The 114th United States Congress began in January 2015, and in this young session, we’ve already seen legislative steps taken to help limit future harm from asbestos. Recently, Senator Dick Durbin (D-IL) introduced legislation that would help Americans avoid exposure to the deadly substance by increasing the amount of publicly available information on where asbestos is found.
The Reducing Exposure to Asbestos Disease (READ) Act aims to ensure that Americans have access to clear, up-to-date information about where asbestos is located and which products contain asbestos. You can read more about the READ Act on Congress’s official website here.
Similar to laws that require food labels to list ingredients, the READ Act would allow consumers to see which products are manufactured with asbestos—providing them with the ability to avoid potentially exposing themselves and their families to the deadly substance.
If products contain asbestos, Americans can choose not to purchase those asbestos-containing products or any products from a company that still uses asbestos. Furthermore, Americans can choose not to work for companies that still use asbestos. If there are certain locations in the U.S. where asbestos is known to be an issue, Americans can protect their families and choose not to live in those areas. All companies have to do is tell us.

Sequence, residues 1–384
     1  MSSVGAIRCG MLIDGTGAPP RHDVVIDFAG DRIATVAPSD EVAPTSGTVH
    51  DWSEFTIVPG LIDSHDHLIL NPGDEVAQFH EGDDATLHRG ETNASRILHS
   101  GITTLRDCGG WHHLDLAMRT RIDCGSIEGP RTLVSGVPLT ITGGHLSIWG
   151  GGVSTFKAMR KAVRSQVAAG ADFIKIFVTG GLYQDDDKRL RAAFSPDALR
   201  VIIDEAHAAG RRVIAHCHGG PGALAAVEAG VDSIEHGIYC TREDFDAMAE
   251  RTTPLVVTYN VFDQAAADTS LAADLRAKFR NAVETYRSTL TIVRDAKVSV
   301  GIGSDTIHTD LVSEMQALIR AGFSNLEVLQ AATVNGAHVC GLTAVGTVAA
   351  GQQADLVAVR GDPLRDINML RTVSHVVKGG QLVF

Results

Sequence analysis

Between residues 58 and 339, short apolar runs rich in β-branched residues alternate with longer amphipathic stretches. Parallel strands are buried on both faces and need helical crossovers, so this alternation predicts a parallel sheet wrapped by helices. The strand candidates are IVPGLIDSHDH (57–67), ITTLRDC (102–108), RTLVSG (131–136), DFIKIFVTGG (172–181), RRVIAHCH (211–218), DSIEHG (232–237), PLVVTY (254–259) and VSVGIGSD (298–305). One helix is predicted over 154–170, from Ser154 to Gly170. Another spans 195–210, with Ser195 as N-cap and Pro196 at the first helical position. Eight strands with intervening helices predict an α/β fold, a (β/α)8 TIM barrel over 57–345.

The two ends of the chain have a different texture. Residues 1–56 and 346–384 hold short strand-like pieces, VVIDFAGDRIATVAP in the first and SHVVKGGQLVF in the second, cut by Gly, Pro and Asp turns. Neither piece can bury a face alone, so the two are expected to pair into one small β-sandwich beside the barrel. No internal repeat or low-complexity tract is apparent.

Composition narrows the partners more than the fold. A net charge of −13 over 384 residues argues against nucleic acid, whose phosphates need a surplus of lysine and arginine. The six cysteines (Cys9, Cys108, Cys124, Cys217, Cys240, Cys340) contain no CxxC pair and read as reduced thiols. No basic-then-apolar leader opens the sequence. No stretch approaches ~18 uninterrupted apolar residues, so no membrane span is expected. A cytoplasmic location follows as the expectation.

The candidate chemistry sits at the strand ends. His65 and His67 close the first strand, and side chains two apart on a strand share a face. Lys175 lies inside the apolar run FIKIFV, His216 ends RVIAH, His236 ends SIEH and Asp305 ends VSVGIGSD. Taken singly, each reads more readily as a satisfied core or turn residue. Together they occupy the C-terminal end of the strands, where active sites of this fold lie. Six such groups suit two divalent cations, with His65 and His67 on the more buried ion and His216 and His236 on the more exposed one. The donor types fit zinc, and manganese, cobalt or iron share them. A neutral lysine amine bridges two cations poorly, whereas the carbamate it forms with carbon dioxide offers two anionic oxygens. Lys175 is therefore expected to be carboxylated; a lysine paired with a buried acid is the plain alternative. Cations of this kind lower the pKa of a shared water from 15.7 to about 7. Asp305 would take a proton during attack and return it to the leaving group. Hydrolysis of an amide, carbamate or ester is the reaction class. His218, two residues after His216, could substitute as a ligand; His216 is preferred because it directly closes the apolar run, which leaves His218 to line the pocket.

In Sharp Contrast to Other Legislation Introduced
While the READ Act fights for transparency when it comes to asbestos in our country, another recently introduced bill—the FACT Act—does not live up to its name. Don’t be fooled by the FACT Act’s full name—the Furthering Asbestos Claim Transparency Act; it only seeks to delay, deny, and reduce the rights of asbestos victims. The FACT Act would require a victim’s medical and other personal information to be released to defendants. This will cause a delay for these terminally ill victims while defendants continue to have no obligation to be transparent about their use of asbestos and claims made against them by other asbestos victims.
While the FACT Act is trying to make things more difficult, the READ Act is trying to educate the public to let people decide what is best for their families and avoid becoming victims of asbestos. The proposed legislation asks that companies share information pertaining to the manufacturing, processing, distribution, and use of asbestos-containing products. This would essentially make it law for companies to deliver on their claims of transparency. The result? Consumers would be able to avoid exposure to asbestos, potentially making asbestos-related diseases like mesothelioma a thing of the past.